The coat of our pets is a rich indicator of their overall health. The shine, texture, and density of the coat reflect the nutritional balance, emotional well-being, and physical health of our four-legged friends.
The role of fur in dogs
With the exception of hairless breeds, the fur of dogs and cats is an essential component of their anatomy.
Also known as “coat,” it consists of 2 parts: the follicle (which is the root of the hair) and the shaft, which is the visible part of the hair. Each hair is composed of keratin, a fibrous protein.
Beyond its aesthetic aspect, the fur of animals acts as a natural barrier and has a thermoregulatory function that allows dogs and cats to protect themselves from external elements (sun, rain, wind).
Not to mention that through the pheromones present on the skin, the fur plays a social role and allows individuals of the same species to communicate with each other.
Shedding, a natural phenomenon
During shedding, animals lose their fur. These seasonal sheds mainly occur in autumn, when the coat prepares for winter, and in spring.
This phenomenon is explained by the change in temperature and brightness. No worries, this hair loss is healthy. Dead hairs disappear to make way for a coat adapted to the upcoming season.
In general, the shedding period lasts for 3 to 5 weeks. But outside of these periods, the animal sometimes encounters some problems.
Dull fur in dogs
It can sometimes happen that the coat loses its shine: this is called dull fur. Some solutions can be considered:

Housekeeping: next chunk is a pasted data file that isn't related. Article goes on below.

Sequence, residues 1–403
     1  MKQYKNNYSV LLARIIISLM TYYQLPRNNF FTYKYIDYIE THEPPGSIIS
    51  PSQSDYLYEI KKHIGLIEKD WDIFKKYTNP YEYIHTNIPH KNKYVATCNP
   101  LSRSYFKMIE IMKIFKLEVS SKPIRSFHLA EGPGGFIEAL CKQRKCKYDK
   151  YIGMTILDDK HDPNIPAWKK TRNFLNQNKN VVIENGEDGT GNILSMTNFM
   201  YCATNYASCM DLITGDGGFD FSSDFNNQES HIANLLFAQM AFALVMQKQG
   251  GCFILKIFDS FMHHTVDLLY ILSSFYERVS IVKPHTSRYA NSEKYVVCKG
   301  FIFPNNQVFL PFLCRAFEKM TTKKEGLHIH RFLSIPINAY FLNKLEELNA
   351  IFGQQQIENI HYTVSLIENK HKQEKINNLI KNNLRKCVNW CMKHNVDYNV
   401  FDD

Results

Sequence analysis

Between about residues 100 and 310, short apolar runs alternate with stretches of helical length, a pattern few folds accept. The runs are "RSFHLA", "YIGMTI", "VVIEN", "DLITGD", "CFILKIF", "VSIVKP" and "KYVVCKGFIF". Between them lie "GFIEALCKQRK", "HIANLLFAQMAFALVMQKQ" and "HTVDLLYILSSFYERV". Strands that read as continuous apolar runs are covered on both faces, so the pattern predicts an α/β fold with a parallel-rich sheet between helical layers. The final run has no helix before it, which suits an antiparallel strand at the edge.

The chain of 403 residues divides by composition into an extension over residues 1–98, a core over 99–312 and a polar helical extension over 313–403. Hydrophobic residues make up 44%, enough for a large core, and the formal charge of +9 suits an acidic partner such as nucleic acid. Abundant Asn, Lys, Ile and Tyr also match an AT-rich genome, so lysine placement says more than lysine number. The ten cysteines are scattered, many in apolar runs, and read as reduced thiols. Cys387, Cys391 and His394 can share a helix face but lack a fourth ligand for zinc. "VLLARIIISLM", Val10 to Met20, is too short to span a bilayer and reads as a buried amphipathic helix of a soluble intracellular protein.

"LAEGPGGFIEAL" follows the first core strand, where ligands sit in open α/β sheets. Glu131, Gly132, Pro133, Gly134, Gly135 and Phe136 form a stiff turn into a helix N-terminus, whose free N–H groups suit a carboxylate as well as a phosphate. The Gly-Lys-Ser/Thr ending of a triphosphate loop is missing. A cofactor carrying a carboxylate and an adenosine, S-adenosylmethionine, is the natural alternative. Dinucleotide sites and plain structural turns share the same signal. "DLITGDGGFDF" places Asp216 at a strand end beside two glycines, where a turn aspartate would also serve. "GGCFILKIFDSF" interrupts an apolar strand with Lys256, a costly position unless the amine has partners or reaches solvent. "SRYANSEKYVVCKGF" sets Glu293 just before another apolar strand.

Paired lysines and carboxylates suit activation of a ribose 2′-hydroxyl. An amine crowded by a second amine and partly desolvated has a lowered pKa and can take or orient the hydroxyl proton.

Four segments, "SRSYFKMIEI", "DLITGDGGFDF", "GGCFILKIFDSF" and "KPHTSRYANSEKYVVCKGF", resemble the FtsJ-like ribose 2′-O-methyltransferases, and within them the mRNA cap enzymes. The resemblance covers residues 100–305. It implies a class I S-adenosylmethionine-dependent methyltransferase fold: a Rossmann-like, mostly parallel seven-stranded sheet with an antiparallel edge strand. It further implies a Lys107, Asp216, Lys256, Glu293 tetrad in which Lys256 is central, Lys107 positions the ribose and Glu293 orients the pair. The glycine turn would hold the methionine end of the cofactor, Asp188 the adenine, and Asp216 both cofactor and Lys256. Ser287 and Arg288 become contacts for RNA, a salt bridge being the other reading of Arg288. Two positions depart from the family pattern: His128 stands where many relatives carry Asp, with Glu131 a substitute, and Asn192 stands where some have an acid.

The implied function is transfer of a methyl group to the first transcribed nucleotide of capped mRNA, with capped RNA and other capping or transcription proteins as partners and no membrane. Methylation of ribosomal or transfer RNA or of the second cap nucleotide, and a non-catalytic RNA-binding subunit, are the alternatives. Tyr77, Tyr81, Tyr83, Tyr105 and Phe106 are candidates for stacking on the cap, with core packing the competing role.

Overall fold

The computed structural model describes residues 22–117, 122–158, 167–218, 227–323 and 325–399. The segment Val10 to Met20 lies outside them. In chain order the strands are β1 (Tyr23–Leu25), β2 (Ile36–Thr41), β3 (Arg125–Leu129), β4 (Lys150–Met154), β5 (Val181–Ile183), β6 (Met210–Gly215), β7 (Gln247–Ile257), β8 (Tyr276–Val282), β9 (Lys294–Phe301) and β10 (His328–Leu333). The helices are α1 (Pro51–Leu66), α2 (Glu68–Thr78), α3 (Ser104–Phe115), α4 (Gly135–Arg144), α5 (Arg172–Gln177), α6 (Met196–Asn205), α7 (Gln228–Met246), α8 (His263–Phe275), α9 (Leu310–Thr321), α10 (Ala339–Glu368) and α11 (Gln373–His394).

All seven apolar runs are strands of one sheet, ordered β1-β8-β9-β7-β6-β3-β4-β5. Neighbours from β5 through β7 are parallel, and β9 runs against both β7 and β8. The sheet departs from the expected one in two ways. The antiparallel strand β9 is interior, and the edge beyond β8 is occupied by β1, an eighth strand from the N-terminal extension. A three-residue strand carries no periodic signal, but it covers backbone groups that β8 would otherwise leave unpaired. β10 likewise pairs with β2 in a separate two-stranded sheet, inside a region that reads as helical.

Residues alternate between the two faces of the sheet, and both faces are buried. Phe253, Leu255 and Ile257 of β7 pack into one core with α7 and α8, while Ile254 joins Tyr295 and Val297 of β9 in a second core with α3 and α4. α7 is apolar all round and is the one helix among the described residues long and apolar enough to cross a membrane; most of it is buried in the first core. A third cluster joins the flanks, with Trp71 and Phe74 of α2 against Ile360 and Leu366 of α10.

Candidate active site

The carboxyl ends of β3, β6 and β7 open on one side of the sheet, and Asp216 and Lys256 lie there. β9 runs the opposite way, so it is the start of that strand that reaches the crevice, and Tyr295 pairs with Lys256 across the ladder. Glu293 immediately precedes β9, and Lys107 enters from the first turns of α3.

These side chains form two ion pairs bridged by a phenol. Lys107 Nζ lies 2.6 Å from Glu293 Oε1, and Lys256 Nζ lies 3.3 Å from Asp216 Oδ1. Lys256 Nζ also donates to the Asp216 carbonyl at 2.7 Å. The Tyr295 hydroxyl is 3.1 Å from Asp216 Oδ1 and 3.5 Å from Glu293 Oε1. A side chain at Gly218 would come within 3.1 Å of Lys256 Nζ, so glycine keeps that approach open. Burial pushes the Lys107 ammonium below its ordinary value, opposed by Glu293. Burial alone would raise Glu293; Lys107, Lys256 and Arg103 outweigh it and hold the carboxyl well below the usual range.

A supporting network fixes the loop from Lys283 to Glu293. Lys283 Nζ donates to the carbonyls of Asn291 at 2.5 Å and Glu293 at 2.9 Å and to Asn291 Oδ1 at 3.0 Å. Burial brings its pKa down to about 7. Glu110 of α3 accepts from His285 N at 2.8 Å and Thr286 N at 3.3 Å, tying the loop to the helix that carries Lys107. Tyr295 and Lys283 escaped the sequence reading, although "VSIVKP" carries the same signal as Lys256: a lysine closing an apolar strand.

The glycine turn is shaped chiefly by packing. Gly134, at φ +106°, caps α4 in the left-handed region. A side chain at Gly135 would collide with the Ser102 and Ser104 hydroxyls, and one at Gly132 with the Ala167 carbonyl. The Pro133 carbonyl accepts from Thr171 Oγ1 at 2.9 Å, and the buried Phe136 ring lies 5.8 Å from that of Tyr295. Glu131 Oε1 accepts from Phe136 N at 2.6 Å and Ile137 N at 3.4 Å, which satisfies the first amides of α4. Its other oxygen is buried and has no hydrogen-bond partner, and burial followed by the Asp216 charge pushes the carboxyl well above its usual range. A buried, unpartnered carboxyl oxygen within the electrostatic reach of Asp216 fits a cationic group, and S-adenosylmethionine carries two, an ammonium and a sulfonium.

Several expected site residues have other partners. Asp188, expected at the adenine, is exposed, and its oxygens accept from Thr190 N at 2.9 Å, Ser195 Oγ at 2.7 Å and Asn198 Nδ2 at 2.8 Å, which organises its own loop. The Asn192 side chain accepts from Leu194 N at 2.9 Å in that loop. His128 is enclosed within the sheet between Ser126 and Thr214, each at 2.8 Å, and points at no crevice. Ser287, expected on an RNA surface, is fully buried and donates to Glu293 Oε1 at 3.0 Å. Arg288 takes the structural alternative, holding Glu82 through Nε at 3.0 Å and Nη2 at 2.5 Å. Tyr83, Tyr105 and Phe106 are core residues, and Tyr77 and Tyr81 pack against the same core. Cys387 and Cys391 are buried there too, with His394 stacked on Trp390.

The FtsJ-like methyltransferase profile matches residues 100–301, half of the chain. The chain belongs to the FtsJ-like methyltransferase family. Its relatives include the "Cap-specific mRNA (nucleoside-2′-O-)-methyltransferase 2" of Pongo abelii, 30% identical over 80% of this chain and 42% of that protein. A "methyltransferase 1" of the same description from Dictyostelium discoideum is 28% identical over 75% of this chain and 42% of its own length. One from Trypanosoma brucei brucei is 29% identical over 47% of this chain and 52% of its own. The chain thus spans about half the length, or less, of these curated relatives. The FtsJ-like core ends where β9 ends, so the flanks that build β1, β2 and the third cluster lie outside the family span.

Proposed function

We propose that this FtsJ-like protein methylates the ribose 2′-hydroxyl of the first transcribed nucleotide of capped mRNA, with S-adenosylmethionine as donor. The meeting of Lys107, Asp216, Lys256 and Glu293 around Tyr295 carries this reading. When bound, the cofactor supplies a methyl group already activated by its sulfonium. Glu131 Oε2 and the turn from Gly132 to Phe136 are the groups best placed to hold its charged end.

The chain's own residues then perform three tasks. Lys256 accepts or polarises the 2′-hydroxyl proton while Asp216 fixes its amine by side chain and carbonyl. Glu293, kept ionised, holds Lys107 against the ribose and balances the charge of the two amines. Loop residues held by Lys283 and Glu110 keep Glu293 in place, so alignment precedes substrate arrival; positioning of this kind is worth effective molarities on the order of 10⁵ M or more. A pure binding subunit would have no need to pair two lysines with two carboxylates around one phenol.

- Regular brushing removes dead hair and distributes natural oils, contributing to a healthier coat. If grooming is neglected, knots can form and the shine of the coat can diminish.
- Providing a complete and balanced diet known as “Premium”: poor nutrition can lead to a lack of essential elements for the good condition and beauty of the coat (proteins, fatty acids, vitamins, etc.).
- Using nutritional supplements: improves beauty, shine, eliminates bad odors…
- If your dog’s coat remains dull despite your efforts, it is recommended to consult a veterinarian. In some cases, dull fur can be an underlying cause of a disease (hormonal imbalance, fungal infections, skin diseases, parasites, for example).
Hairballs in cats
The formation of hairballs is common in cats. Indeed, during grooming, the cat licks its entire body and absorbs a large number of hairs. Unable to be digested, they remain in the stomach and form a large ball.
This can cause various problems: loss of appetite, regurgitation, constipation… Here are 2 tips to avoid these inconveniences for your favorite kitty:
- Prevention: regularly brush your cat to remove excess hair. A healthy and balanced diet can also limit this phenomenon.
- Treatment: a digestive stimulant can promote the elimination of hairballs in the stomach.